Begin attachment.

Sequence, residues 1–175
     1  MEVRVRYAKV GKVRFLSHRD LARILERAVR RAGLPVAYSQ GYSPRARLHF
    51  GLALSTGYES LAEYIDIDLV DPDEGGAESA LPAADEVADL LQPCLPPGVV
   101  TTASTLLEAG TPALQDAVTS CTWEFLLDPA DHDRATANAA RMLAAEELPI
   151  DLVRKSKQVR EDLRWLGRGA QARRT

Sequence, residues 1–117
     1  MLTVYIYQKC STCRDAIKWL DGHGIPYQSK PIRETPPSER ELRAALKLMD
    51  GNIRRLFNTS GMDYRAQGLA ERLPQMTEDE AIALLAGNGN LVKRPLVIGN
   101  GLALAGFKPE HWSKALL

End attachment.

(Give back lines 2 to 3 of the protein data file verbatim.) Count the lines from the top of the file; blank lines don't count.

     1  MEVRVRYAKV GKVRFLSHRD LARILERAVR RAGLPVAYSQ GYSPRARLHF
    51  GLALSTGYES LAEYIDIDLV DPDEGGAESA LPAADEVADL LQPCLPPGVV